Regardless of operative approach, we recommend an en bloc radical resection with an intact capsule to microscopically negative (R0) margins because of improved survival. Although open resection is preferred when ACC is suspected, the choice of operative approach should be based on the certainty of a complete R0 resection without tumor disruption. (S, L)

We suggest that patients with systemic disease be offered resection of the primary tumor if all sites of disease are reasonably amenable to resection or local treatment and if performance status allows. Surgery may also be considered in patients with hormone excess medically refractory to steroidogenic inhibition. (C, L)

We recommend that neoadjuvant systemic therapy be administered for advanced ACC when R0 surgical resection is not initially feasible. We recommend up-front surgical intervention when R0 resection is possible. (S, L)

Metastasis to the Adrenal Gland

We recommend that a directed hormonal evaluation should be performed in patients with an adrenal mass regardless of history of extra-adrenal malignancy. (S, L)

We suggest that in the setting of a radiographically indeterminate mass, image-guided biopsy be rarely performed and reserved for patients in whom results would change overall disease management and that it be performed only after confirming lack of hormone excess. (S, L)

We suggest that after multidisciplinary review, resection may be offered to highly selected patients to improve survival compared with systemic therapy alone. (C, L)

Pheochromocytoma and Paraganglioma

We recommend either selective or nonselective α blockade to safely prepare patients for surgical resection of PPGL, depending on the drug availability/cost, experience, and preference of the care team. While there is no significant difference in morbidity or mortality between selective and nonselective α blockade, selective blockade (doxazosin, prazosin, terazosin) is associated with more intraoperative hemodynamic instability while nonselective blockade (phenoxybenzamine) results in more postoperative hypotension. (S, M)

Because of the decreased rate of steroid dependence, we recommend consideration of cortical-sparing adrenalectomy in patients with bilateral PCCs if technically feasible. However, the patient’s goals of care and a higher risk of recurrent pheochromocytoma should also be considered. (S, L)

We suggest that in selected cases of metastatic PPGLs, resection of the primary tumor may be performed to improve overall survival. Patients should be carefully evaluated by a multidisciplinary care team to determine if the benefits of resection of the primary tumor outweigh the risks. (C, L)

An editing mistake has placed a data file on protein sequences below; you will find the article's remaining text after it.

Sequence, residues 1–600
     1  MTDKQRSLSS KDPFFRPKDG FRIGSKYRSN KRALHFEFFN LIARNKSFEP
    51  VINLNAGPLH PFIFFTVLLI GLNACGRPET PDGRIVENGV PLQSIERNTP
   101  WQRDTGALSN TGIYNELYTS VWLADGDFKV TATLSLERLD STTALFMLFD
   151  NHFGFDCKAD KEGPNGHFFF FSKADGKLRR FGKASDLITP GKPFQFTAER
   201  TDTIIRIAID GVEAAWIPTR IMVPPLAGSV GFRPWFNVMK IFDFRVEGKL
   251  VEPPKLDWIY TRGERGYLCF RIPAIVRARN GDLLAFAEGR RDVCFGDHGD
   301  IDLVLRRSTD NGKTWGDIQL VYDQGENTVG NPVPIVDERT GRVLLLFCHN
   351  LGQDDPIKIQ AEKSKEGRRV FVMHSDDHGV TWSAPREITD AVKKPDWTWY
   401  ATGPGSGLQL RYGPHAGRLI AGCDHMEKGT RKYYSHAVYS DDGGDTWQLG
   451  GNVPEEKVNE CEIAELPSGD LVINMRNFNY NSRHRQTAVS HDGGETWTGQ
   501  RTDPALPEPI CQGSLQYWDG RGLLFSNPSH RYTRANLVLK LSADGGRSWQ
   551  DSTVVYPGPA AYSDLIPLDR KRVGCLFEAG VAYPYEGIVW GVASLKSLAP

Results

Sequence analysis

Technical Aspects

We recommend that adrenalectomy be preferentially performed by a high-volume adrenal surgeon to optimize outcomes, including lower rates of morbidity and mortality. (S, M)

The utility of percutaneous ablation, mainly with radiofrequency ablation, and stereotactic body radiation therapy for the destruction of hormonally active and inactive tumors and adrenal metastasis has been investigated in small retrospective studies. The studies suffer from small sample sizes and heterogeneity.


We conditionally suggest ablation and stereotactic radiation not be used as an alternative to adrenalectomy for patients with adrenal lesions because there are inadequate data to support these modalities. Surgeons should be involved in the decision-making early in the treatment algorithm. (C, L)

Recommendation Grading





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Publication Month/Year

August 17, 2022

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Document Objectives

Adrenalectomy is the definitive treatment for multiple adrenal abnormalities. Advances in technology and genomics and an improved understanding of adrenal pathophysiology have altered operative techniques and indications. Objective is to develop evidence-based recommendations to enhance the appropriate, safe, and effective approaches to adrenalectomy.

Inclusion Criteria

Male, Female, Adult, Older adult

Health Care Settings

Hospital, Outpatient, Operating and recovery room

Intended Users

Nurse, nurse practitioner, physician, physician assistant



Diseases/Conditions (MeSH)

D000315 - Adrenalectomy



Source Citation

Yip L, Duh QY, Wachtel H, Jimenez C, Sturgeon C, Lee C, Velázquez-Fernández D, Berber E, Hammer GD, Bancos I, Lee JA, Marko J, Morris-Wiseman LF, Hughes MS, Livhits MJ, Han MA, Smith PW, Wilhelm S, Asa SL, Fahey TJ 3rd, McKenzie TJ, Strong VE, Perrier ND. American Association of Endocrine Surgeons Guidelines for Adrenalectomy: Executive Summary. JAMA Surg. 2022 Aug 17. doi: 10.1001/jamasurg.2022.3544. Epub ahead of print. PMID: 35976622.